You may note that the official view is invariably that our national debt to GDP ratio is falling. Indeed I pointed out on Share Radio that at one point in this weeks Budget Statement Chancellor George Osborne told us that the National Debt was about to fall! If we look at today’s data we immediately have a problem.
At the end of February 2015, public sector net debt excluding public sector banks (PSND ex) was £1,468.5 billion (79.6% of GDP); an increase of £83.6 billion compared with February 2014.
As you can see it has fallen to a higher number as 79.6% has replaced the 69.4% it was supposed to be now. I guess fallen and falling need to go into my financial lexicon for these times! Sadly as I have pointed out before the saga does not stop there as the UK uses a much more favourable measure of its national debt than what is considered to be the international standard so let me show that too.
At the end of February 2015 General Government Gross Debt (Maastricht debt) was £1,583.3 billion (85.8% of GDP).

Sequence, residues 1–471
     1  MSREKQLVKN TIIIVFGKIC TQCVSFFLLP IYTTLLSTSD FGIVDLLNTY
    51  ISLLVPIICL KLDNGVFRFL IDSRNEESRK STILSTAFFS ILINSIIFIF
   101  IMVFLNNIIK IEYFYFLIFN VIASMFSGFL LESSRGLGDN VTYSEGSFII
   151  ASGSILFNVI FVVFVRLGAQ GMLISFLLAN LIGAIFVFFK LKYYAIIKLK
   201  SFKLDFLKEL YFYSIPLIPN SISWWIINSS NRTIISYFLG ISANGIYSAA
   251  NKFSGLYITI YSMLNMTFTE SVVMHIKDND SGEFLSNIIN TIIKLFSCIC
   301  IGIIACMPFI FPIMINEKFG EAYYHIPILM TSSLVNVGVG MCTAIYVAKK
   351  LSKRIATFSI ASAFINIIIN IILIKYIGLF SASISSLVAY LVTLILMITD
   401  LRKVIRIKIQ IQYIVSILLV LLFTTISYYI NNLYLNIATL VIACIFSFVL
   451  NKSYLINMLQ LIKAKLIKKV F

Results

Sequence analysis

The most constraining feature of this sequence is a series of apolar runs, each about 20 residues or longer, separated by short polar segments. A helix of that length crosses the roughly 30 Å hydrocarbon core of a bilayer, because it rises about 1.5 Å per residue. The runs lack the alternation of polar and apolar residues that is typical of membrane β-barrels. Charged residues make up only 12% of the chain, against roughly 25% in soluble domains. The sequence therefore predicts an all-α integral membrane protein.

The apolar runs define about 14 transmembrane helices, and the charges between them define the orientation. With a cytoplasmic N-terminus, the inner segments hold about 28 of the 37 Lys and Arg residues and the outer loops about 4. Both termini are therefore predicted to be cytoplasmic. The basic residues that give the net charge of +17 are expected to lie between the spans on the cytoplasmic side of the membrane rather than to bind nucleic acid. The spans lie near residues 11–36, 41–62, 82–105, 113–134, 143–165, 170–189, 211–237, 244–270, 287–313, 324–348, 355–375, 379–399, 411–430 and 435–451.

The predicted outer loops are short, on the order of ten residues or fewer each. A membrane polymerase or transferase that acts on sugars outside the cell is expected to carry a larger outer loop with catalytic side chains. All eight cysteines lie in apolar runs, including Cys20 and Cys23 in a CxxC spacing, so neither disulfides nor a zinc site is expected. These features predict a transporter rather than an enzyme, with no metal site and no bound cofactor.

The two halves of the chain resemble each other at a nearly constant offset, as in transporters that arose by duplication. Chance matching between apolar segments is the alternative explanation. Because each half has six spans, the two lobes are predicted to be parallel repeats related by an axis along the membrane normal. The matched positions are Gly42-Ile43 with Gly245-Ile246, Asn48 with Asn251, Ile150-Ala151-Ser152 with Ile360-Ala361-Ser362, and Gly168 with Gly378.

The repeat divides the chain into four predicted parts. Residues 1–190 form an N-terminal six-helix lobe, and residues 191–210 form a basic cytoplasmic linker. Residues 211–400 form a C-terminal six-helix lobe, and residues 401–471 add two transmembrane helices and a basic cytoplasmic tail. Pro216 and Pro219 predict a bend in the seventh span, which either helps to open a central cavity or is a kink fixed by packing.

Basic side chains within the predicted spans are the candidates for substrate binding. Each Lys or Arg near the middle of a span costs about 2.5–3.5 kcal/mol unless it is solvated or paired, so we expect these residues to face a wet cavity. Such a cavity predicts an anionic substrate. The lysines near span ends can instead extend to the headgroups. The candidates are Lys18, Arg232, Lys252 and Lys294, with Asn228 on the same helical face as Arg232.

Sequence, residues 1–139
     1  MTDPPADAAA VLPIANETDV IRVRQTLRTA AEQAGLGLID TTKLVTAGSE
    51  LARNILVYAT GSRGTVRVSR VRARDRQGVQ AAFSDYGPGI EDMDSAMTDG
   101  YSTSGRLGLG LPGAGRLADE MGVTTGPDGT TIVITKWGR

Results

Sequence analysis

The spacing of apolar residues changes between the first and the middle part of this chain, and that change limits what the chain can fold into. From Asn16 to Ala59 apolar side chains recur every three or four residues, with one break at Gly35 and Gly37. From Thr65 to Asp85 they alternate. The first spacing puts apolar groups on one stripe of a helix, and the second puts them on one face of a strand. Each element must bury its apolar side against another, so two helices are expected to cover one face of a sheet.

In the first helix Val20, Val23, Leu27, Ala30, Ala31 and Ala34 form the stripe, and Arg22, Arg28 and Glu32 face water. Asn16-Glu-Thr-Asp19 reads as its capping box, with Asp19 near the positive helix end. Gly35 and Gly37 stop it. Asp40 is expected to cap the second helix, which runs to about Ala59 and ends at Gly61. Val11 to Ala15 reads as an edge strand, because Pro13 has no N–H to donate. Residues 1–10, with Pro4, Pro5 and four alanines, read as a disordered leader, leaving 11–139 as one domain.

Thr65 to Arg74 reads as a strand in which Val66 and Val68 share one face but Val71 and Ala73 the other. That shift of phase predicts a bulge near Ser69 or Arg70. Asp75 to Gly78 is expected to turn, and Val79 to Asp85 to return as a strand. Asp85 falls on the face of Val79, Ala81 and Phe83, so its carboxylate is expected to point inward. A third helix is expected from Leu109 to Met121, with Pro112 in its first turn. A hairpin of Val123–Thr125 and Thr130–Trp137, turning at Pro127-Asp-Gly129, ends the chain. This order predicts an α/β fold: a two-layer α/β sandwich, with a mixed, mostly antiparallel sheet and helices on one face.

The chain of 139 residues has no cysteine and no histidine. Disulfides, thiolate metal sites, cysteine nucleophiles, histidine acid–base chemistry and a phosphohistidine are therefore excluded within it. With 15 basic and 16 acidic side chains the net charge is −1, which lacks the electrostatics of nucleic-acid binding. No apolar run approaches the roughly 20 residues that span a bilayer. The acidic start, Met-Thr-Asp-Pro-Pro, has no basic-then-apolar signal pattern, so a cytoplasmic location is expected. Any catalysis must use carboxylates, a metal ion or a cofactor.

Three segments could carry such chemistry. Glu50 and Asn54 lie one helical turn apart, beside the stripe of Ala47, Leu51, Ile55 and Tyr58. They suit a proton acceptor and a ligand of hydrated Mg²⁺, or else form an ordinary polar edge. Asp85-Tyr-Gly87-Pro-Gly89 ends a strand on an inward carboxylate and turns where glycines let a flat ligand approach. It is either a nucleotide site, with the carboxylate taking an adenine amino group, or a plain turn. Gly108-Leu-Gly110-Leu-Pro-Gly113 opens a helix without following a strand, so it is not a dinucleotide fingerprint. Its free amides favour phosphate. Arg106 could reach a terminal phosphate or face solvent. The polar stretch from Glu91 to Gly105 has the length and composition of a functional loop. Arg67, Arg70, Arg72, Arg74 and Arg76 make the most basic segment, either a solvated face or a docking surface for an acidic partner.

Don’t get a job involving numbers
Someone who had that on their school report back in the day seems to have taken no notice of it.
The public sector net debt has been revised upwards by £5.5 billion, from October 2014, as the result of a correction to previously published estimates which were erroneously double counting bank deposits held by the central government body, UK Asset Resolution Ltd.
Quite a bit to find down the back of the sofa isn’t it? If they have apologised for such an error then they must have forgotten to put it on their website. I guess it would be silly to enquire as to whether anybody has been sacked as we already know that large errors are not anybodies responsibility as opposed to minor errors which of course are.
A New Hope